My father-in-law gave me this black powder shotgun. I’ve had it a while and thought it’d look cool hanging over my copies of our founding documents (Declaration, Constitution, and Articles of Confederation). So, after getting them hung, I started polishing this rusted old beast up and finally found a useful stamping on the barrel - ZULU.
This was probably made around 1860 - 1870 near the end of the Franco-Prussian War. It started its life as a rifled, muzzle-loading musket, but at the end of the war breech loaders were becoming popular and the manufacturers were stuck with a bunch they couldn’t sell.
The breech was hacked into place, but nobody wanted to buy a modded gun when they could get one built proplerly for about the same price. So, finally the manufacturers cut down the stock and barrel, tacked a bead on, and bored out the rifling to turn it into a shotgun.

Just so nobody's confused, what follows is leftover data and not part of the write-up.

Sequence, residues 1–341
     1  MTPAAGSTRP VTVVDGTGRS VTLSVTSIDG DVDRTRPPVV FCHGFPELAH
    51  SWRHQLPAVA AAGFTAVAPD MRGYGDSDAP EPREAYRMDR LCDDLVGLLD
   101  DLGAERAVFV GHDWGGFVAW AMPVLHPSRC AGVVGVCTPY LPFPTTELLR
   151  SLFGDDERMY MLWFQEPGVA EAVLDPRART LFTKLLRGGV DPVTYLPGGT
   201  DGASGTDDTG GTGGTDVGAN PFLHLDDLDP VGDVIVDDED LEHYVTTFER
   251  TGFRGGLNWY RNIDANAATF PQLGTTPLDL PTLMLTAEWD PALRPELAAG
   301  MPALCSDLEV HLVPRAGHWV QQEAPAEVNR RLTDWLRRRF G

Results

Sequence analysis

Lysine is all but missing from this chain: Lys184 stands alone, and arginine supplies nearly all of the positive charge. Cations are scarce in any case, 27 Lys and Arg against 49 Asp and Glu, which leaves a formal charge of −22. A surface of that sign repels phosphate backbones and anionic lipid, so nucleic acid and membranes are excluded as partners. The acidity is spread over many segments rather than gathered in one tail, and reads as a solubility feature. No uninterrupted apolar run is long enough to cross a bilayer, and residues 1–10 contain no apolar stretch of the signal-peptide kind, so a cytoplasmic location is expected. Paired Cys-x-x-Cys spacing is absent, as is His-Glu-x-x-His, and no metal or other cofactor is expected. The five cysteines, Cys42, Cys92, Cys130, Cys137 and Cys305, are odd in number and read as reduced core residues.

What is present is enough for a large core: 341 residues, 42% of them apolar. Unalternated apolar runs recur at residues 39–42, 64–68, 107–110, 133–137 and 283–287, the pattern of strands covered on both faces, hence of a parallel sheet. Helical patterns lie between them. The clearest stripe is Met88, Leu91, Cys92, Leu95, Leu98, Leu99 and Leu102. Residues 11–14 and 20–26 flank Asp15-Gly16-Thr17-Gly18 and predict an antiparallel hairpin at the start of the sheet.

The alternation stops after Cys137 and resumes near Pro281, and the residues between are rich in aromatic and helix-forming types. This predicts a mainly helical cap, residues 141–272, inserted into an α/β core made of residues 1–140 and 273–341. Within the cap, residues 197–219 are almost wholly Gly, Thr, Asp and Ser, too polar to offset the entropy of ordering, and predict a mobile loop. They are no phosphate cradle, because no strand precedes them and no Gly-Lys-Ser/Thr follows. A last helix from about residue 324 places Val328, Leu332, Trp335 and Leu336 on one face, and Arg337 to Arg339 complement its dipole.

A ton of the Zulus were sold to native Africans in order to help them harreass the British, while quite a few were also shipped to America and sold to American Indians as a low-cost entry into gun ownership.
Based on the fracture in the stock near the breech, and stress fractures in the breech itself, this particular gun saw a lot if use, or frequent over-charge. Either way, I thought it was an interesting history lesson, and it does look pretty cool hanging in my front room.